John Farr presents a voir dire of must-see courtroom classics.
Anatomy of a Murder (1959)
Paul Biegler (James Stewart) is a former prosecutor who’s at a professional turning point. Now out of the district attorney’s office, he’s a defense lawyer, and needs a high-profile assignment to establish himself. He finds it in the case of Lieutenant Fred Mannion (Ben Gazzara), an army officer accused of killing the man who raped Bannion’s sexy wife Laura (Lee Remick). The case grows more complex the deeper Biegler probes, and he’s also up against a ruthless young prosecutor (George C. Scott) intent on winning a conviction at all costs.
WHY I LOVE IT:
Preminger’s crackling courtroom drama makes for a twisty, racy, irresistible film. Stewart is in his element as the dogged Biegler, but junior players Gazzara, Remick and Scott are every bit as good. Gritty atmosphere and a smoky Ellington score (with Duke himself in a rare on-screen appearance) help make this daring, distinctive picture hum.
Boston lawyer Frank Galvin (Paul Newman), a washed-up alcoholic, faces the battle of his life when he decides to pursue a medical malpractice suit against a powerful Catholic hospital on behalf of a young comatose woman’s family. Of course, the case he lands appears impossible to win given his tenuous condition and the array of egal forces against him, led by the shrewd and powerful attorney Ed Concannon (James Mason).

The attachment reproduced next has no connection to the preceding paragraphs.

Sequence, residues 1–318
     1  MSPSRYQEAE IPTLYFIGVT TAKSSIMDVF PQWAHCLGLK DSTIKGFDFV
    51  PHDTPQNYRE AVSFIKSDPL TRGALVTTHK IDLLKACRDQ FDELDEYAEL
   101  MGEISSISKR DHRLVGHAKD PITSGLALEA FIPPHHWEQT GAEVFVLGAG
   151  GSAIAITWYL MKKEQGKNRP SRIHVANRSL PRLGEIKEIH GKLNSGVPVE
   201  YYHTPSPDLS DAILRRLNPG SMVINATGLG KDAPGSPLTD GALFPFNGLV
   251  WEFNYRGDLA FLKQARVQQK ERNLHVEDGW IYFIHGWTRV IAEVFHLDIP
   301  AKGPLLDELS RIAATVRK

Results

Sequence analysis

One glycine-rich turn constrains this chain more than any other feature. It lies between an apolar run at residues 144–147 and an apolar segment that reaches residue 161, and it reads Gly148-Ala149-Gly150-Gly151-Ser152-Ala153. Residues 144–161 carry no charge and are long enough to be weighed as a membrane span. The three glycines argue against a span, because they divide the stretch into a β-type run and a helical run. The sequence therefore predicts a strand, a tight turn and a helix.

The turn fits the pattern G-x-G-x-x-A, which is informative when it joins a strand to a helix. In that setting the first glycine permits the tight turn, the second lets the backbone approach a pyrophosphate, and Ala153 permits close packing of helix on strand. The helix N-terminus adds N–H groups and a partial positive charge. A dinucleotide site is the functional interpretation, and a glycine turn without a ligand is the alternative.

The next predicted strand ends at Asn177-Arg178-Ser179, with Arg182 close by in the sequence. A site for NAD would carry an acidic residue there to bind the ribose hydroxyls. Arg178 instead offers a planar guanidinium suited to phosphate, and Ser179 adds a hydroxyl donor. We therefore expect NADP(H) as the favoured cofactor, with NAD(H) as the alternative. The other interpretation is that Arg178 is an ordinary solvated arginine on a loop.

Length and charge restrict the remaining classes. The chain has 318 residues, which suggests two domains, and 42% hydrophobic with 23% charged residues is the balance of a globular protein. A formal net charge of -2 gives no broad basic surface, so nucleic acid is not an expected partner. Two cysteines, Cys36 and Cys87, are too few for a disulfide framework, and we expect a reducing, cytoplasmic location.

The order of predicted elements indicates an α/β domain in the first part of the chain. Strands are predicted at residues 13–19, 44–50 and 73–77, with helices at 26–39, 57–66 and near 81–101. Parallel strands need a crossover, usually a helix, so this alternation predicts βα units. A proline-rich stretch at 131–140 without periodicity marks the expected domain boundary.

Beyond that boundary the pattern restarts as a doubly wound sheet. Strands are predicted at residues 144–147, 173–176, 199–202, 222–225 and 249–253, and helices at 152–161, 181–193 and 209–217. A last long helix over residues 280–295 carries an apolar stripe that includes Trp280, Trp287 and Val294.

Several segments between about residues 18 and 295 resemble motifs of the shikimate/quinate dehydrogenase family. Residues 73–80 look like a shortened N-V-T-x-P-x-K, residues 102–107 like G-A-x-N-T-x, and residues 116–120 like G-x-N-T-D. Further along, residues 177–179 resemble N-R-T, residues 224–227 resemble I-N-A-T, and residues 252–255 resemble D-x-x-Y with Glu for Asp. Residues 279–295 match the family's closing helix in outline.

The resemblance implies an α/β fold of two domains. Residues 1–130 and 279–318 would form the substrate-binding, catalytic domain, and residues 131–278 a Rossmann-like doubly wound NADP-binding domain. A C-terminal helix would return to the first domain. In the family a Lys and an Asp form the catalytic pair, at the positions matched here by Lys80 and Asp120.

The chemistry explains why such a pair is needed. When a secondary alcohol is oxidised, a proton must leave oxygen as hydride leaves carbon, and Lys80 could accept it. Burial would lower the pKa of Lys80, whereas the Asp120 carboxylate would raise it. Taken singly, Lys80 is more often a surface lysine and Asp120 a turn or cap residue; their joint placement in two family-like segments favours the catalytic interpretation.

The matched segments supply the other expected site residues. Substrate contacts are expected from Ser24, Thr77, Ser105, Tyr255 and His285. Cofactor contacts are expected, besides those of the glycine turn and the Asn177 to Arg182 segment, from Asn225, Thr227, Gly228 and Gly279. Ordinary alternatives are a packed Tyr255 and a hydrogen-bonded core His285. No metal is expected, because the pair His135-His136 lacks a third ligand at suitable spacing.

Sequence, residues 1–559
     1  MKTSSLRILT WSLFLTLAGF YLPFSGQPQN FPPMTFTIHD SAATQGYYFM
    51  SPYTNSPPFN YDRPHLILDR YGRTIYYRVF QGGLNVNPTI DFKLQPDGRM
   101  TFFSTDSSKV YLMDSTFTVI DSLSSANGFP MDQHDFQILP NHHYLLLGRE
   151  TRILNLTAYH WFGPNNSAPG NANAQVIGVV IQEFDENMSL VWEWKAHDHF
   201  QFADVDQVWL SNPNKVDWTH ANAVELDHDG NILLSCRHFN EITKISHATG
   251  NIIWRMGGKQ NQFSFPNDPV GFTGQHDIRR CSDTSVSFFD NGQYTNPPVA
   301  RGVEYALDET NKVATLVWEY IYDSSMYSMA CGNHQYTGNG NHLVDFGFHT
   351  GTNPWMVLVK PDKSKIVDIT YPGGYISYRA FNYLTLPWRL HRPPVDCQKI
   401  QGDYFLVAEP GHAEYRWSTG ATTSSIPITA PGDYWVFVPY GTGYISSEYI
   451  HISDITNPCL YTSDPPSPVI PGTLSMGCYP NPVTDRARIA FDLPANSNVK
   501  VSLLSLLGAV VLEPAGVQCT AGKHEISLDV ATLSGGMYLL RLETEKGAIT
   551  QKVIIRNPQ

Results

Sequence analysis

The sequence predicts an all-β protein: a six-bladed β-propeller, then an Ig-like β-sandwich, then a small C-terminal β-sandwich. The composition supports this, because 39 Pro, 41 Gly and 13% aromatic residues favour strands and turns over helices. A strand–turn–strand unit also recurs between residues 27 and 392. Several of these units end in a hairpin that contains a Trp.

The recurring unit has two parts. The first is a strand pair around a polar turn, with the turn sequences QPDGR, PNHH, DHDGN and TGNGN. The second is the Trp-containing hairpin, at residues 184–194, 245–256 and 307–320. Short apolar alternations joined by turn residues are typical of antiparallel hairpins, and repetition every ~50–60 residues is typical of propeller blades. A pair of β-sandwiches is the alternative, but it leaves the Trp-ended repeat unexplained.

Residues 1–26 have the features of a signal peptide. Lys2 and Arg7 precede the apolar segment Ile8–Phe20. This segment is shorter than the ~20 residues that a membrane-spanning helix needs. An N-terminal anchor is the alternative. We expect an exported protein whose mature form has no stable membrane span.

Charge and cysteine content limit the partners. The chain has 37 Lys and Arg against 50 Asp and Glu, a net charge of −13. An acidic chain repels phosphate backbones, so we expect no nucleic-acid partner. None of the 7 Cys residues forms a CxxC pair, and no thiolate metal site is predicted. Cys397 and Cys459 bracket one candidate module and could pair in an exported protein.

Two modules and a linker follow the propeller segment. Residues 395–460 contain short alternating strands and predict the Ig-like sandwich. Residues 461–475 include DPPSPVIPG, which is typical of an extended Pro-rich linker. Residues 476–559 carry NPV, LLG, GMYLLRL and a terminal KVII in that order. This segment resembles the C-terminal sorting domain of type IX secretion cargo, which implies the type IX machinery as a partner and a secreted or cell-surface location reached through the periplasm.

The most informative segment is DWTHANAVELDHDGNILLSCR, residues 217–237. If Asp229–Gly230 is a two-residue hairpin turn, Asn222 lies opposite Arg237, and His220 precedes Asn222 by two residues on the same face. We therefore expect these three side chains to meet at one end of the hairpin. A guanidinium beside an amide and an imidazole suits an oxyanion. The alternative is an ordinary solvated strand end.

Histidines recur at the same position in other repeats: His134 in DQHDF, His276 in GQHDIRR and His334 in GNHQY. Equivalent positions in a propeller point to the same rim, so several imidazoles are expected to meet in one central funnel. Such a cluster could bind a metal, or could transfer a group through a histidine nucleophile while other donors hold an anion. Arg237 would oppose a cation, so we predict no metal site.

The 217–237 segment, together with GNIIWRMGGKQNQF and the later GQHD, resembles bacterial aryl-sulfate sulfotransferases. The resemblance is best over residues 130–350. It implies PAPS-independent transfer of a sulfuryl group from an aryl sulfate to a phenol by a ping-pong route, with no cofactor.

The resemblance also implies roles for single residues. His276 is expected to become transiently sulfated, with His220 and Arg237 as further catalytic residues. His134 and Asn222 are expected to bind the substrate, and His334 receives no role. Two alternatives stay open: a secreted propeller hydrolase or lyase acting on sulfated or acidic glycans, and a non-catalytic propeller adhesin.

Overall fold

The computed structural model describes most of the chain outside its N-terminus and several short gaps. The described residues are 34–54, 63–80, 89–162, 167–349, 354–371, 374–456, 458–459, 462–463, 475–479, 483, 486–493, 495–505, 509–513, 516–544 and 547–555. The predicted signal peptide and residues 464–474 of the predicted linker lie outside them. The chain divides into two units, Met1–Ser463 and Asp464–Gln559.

WHY I LOVE IT:
A searing, moody courtroom drama masterfully directed by Sidney Lumet, the film earned five Oscar nominations in 1982, including one for writer David Mamet. As Frank Galvin, Newman shows a rare vulnerability as a man struggling to redeem himself before it’s too late. This film represents both courtroom and human drama at its finest, with veteran player Jack Warden superb as Mickey Morrissey, Galvin’s only remaining colleague and friend.
A Civil Action (1999)
This fact-based film tells the story of Jan Schlictmann (John Travolta), a personal-injury attorney who pursues a negligence suit against corporate titans W.R Grace and Beatrice Foods. The companies have a joint interest in a leather-production facility in Woburn, Massachusetts, whose illegal dumping of toxic waste may have led to the deaths of several local children. Anne Anderson (Kathleen Quinlan), the mother of one victim, decides to sue. As Jan immerses himself in this high-stakes battle, he wagers everything he has on a positive outcome, but his opposing counsel, Jerome Facher (Robert Duvall), is widely regarded as one of the most brilliant, ruthless legal minds around. Is Jan in over his head?
WHY I LOVE IT:
Produced by Robert Redford and based on the best-selling book by Jonathan Harr, this gripping, literate enviro-action legal drama is the classic David and Goliath story – the little people versus big industry – told with gusto in a decidedly unpredictable fashion. “Action” features a stellar cast, notably John Lithgow as the trial judge, and and an Oscar-nominated Duvall as Facher. William H. Macy also distinguishes himself playing Jan’s understandably anxious accountant. It may sound dry as paper, but this absorbing courtroom drama grabs you by the throat and never lets go.